March 3, 2017
Fr. Leo John Dehon: founder of the Priests of the Sacred Heart
As Fr. Dehon saw it, the poor of the 19th century, who were living out the agony of Christ, were mostly the masses of workers who were exploited and humiliated by rampant industrialization. He would become the defender of these men and women whose dignity was not being respected.
On their behalf he wanted to establish what he called the “social reign of the Sacred Heart” in French society, which would combine social justice and Christian charity. With this in mind he founded a journal in 1889 bearing the highly evocative title, The Reign of the Heart of Jesus in Souls and in Societies. The link between spirituality and the struggle for humanity, between the mystical and the political, could not be better emphasized.
The originality of Christianity is built on this linkage and it remained a major concern for Dehon, who wanted to share it with his followers. He imagined Jesus saying, “The reign of my Heart in society is the reign of justice, charity, mercy, and pity for the poor, the humble, and those who suffer. I am asking you to dedicate yourselves to all these works, to encourage them, to cooperate with them. Support all the institutions that can contribute to the reign of social justice and that defend the weak from oppression by the powerful” [The Retreat with the Sacred Heart, 40th Meditation].
It is fitting then to place the mystery of the Passion and the Cross at the center of the spirituality of the Heart of Jesus, a mystery which assumes and shares the fragile, wounded condition of humanity, and especially today, the condition of a humanity traumatized by the demands of modern life. Dehon had foreseen this in his time; that is why we must see a strict correlation between his spirituality centered on the Heart of Christ and his social commitment. If Christ assumed the human condition that was marred by evil and sin, it was in order to restore and repair it.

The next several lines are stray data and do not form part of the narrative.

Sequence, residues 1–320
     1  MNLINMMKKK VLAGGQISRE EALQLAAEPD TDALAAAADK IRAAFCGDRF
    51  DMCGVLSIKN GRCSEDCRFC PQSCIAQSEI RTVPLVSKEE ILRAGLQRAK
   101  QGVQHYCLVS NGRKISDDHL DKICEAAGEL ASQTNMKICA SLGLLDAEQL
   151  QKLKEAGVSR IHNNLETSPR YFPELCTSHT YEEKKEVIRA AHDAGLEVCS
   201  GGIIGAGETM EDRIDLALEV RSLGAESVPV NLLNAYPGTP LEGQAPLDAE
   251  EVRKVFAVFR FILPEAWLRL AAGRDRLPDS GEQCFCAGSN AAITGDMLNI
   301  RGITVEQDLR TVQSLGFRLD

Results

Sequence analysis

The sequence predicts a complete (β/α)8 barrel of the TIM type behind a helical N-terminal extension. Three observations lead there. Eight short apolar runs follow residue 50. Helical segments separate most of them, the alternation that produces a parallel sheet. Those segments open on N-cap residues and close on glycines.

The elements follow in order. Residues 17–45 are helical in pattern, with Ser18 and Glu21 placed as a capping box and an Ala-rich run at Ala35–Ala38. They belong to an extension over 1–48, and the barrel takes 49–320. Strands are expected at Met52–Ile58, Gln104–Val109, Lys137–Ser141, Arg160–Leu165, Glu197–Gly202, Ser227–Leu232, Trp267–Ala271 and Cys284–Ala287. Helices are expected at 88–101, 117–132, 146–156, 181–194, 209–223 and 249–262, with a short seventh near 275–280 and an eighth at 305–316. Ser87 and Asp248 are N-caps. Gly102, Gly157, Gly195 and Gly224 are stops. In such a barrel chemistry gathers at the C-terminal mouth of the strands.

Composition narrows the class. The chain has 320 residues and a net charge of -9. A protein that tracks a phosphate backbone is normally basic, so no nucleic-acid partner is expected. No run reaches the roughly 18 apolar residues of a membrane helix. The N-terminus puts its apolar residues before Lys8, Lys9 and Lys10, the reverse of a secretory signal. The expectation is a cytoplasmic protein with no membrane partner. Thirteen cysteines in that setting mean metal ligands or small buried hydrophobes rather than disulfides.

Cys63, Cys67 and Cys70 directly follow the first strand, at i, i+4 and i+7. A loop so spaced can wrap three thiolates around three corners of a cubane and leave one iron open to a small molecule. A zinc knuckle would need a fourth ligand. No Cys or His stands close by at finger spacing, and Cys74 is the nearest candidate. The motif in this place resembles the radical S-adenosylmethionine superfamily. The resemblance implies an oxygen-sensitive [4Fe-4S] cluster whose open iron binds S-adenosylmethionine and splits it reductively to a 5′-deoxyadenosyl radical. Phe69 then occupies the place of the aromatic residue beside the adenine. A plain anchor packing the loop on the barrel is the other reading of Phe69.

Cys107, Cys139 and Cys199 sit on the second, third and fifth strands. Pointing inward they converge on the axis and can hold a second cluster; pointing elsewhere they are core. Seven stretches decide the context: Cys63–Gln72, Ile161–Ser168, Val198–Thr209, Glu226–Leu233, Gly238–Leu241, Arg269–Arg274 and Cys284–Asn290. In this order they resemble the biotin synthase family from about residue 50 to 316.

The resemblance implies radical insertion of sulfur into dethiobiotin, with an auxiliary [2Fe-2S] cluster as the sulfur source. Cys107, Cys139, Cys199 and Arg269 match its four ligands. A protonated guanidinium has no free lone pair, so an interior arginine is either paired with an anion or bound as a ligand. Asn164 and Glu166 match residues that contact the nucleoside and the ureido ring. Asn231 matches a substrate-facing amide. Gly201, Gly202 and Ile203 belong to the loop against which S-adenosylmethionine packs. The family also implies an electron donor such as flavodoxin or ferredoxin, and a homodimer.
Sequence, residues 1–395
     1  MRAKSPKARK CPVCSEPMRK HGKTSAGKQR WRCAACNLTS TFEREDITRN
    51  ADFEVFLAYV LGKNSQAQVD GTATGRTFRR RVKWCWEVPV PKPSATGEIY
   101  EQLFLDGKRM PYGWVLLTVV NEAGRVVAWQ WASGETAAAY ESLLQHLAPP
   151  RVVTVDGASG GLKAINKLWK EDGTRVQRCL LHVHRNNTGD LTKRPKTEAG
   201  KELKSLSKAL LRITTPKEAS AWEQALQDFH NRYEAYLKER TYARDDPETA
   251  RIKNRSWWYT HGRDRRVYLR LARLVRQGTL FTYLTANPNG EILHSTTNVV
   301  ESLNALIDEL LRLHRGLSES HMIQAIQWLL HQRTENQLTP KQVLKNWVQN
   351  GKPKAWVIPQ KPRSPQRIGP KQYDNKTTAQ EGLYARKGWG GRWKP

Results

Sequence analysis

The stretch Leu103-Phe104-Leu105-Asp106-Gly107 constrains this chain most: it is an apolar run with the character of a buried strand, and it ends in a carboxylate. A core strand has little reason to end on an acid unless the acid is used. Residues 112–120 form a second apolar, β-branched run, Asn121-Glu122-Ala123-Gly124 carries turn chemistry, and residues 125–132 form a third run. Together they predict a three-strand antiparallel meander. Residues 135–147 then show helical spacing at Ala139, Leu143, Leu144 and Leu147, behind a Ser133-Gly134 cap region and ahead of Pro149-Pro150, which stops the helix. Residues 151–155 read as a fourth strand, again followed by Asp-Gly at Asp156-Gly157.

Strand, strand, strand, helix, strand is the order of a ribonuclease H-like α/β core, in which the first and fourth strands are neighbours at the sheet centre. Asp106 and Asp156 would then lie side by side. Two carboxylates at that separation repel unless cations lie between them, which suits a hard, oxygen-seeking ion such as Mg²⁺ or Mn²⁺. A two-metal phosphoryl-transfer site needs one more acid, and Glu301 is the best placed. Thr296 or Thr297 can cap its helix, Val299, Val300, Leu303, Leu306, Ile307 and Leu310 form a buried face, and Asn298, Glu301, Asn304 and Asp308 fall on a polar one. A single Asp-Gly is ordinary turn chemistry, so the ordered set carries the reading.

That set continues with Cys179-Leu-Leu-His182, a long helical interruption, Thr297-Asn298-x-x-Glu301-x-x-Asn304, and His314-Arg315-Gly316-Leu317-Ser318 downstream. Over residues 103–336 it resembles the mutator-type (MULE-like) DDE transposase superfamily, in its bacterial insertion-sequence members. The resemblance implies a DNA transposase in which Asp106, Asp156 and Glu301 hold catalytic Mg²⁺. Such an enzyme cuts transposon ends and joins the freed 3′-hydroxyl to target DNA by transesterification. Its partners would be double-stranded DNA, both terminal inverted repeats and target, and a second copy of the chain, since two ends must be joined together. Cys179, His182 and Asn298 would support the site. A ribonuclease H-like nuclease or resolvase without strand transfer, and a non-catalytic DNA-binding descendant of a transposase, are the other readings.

Excerpt from The Spirit and Life of Leo Dehon, Day Eleven: “The Book of Agapé,” Yves Ledure, SCJ
Lived and Shared: contemporary expressions of Dehonian spirituality
I cannot help but recall the way Fr. Mike Crosby, OFM Cap, speaks about our vow of poverty. He defines poverty as “the inability to have access to the resources one needs for their livelihood.” If you accept that definition and I most certainly do, then it follows that we religious are not poor. Thanks to the generosity of our benefactors, the marvelous work of the folks in our development offices and the good stewardship of those who manage our funds, we are not poor.
We have the resources we need for our livelihood. Add to that the fact of the tremendous educational experiences that are part of our formation, and it is obvious that we have access to the resources we need for our livelihood. What our vow of poverty calls us to is to live gratefully, to use well the gifts we have received, and to share with others the blessings we have received.
The fact that I have been exposed to materials circulated by members of our community who have long been involved in the ministry to social justice and the fact that now I am a member of our Justice, Peace, and Reconciliation Commission makes me add another dimension to how I believe we are called to live out our vow of poverty. Because we, as religious, have this access to resources, I believe part of being faithful to living out our vow of poverty calls us to work at helping others who are poor, who do not have this access to the resources they need to be able to attain that.